‘Star Wars: The Force Awakens’
Director: J.J. Abrams
Stars: Daisy Ridley, John Boyega
4 (out of 5) Globes
The good news comes early: “Star Wars: The Force Awakens” opens with an ascending text crawl setting up a story that actually sounds fun. Back in 1999 “The Phantom Menace” began with the words “the taxation of trade routes.” All J.J. Abrams’ 30-years-later fan fiction had to do was not start like a C-SPAN transcript. It goes one, two, maybe three better. The text reveals Luke Skywalker (Mark Hamill) has vanished a la Paul Atreides at the end of “Dune Messiah.” He’s sought by warring factions known as “The First Order” and “The Resistance,” and we might not realize at first are actually the old, evil Empire and the old “Rebel Alliance,” renamed and repurposed but basically, after all these decades, the same thing.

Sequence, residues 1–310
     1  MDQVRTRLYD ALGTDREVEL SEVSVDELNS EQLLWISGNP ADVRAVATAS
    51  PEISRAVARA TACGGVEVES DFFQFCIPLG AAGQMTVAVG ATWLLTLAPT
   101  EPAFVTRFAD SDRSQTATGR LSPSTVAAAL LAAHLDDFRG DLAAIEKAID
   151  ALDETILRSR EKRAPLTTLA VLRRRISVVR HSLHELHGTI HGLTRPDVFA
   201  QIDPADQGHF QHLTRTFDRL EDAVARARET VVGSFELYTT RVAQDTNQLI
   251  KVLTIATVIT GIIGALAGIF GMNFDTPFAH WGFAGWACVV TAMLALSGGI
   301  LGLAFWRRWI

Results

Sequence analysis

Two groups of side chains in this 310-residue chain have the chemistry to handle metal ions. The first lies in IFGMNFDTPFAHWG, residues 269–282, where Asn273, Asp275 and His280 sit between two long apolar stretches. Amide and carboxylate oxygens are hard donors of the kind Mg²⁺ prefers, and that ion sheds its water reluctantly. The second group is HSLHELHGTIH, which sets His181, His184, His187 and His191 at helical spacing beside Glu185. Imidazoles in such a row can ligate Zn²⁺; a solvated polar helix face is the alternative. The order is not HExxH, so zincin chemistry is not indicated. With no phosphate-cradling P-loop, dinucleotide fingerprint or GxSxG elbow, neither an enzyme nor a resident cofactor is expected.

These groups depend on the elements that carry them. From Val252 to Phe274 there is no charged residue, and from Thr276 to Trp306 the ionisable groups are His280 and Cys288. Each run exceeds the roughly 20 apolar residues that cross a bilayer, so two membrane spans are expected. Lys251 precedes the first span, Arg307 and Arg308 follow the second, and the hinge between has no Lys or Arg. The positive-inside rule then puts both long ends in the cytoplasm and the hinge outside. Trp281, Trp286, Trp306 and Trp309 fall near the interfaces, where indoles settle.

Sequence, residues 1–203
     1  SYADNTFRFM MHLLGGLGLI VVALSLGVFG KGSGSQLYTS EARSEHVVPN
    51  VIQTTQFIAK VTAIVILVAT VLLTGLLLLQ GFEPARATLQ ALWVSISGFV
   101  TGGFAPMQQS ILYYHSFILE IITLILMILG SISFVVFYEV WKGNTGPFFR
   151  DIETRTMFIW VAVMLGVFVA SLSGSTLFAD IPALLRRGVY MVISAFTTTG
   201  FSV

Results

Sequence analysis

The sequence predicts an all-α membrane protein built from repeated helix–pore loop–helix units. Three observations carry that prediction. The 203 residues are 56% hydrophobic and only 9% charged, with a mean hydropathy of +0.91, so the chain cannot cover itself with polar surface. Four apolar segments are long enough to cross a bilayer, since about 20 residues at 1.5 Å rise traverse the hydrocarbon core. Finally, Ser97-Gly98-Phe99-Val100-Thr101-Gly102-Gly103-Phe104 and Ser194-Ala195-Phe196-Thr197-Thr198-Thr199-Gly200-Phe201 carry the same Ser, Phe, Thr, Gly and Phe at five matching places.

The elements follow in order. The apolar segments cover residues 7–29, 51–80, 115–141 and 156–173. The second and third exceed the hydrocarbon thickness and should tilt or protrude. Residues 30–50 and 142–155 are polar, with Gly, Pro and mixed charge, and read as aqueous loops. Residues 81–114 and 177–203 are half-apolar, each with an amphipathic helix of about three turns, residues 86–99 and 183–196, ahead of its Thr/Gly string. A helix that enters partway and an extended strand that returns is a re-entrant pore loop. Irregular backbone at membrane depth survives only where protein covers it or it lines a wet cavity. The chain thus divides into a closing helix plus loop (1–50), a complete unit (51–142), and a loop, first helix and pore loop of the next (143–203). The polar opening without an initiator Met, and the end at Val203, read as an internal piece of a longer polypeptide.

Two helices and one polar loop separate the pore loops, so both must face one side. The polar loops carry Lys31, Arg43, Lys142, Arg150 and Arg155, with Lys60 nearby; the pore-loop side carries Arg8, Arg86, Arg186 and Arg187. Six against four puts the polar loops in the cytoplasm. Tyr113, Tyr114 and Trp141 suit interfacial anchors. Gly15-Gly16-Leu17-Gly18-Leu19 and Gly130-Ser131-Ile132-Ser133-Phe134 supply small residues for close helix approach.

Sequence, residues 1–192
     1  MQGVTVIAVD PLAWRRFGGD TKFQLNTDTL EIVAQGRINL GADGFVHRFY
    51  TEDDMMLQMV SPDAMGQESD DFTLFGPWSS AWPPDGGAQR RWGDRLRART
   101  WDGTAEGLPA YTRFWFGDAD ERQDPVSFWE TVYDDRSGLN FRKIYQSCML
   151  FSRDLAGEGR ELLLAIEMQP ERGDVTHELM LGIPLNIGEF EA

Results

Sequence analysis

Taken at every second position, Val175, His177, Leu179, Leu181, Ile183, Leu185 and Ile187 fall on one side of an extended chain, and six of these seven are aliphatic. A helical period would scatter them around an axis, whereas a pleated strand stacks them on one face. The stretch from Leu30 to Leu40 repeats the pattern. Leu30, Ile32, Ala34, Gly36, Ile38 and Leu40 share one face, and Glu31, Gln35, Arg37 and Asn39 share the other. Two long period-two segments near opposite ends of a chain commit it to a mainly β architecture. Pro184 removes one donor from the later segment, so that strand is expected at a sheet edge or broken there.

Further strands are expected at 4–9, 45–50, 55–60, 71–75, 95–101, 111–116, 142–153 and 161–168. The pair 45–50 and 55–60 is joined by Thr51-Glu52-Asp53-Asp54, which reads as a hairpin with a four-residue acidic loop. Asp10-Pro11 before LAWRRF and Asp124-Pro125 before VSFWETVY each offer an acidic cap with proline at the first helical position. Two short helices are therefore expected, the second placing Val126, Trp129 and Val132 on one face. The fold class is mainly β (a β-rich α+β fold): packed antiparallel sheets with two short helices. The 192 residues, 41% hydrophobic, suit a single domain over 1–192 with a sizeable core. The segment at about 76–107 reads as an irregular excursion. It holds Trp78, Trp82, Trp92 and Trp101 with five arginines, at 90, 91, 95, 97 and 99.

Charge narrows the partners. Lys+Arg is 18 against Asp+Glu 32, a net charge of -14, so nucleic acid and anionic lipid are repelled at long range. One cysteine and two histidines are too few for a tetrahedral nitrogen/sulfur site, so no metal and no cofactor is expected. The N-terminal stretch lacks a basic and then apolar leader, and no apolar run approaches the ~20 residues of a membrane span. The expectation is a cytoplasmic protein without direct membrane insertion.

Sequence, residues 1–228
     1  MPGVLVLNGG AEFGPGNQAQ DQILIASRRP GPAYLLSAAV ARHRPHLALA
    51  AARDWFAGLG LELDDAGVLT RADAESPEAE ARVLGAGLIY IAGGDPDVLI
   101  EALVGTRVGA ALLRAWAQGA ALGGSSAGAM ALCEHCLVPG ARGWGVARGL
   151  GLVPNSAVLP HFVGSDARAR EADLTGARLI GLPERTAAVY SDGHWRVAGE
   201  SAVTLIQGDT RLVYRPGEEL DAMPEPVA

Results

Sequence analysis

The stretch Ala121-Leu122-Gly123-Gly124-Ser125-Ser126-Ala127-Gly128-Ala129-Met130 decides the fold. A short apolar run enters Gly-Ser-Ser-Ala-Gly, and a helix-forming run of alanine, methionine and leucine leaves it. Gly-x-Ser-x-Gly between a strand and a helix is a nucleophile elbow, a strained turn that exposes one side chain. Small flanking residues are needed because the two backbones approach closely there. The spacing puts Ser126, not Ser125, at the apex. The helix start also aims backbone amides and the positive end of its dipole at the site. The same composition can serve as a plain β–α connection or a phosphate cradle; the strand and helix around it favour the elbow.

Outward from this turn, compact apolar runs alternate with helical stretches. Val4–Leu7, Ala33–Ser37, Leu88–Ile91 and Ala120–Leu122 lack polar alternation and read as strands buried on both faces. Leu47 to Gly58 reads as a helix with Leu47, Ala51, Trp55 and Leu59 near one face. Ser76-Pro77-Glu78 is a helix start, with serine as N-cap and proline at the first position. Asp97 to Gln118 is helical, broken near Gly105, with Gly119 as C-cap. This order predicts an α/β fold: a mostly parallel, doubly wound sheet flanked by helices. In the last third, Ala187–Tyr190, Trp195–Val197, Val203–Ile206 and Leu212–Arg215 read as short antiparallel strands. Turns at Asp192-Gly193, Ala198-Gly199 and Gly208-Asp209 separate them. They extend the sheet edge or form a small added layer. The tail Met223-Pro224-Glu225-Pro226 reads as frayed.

The same goes for “The Force Awakens.” It does what the dreaded prequels refused to do: It gives us what we want. And what we want is more of the same. The story is essentially a loose repeat of the original “Star Wars.” (We refuse to call it “A New Hope” on principle.) There’s another everyperson/maybe-savior — this time Daisy Ridley’s resilient scavenger Rey — living on a desert planet. She (rather than a he) happens upon another intel-hoarding, bleep-bloopy robot: the mega-super-duper-holy-crap-adorable rollerball BB-8. Nostalgic classics like the Millennium Falcon, beloved characters, another multicultural cantina, that John Williams score, those screen wipes, the Wilhelm Scream — all get dusted off and soldiered out for our delectation. Everything old is basically what it was before, only either aged or with different faces.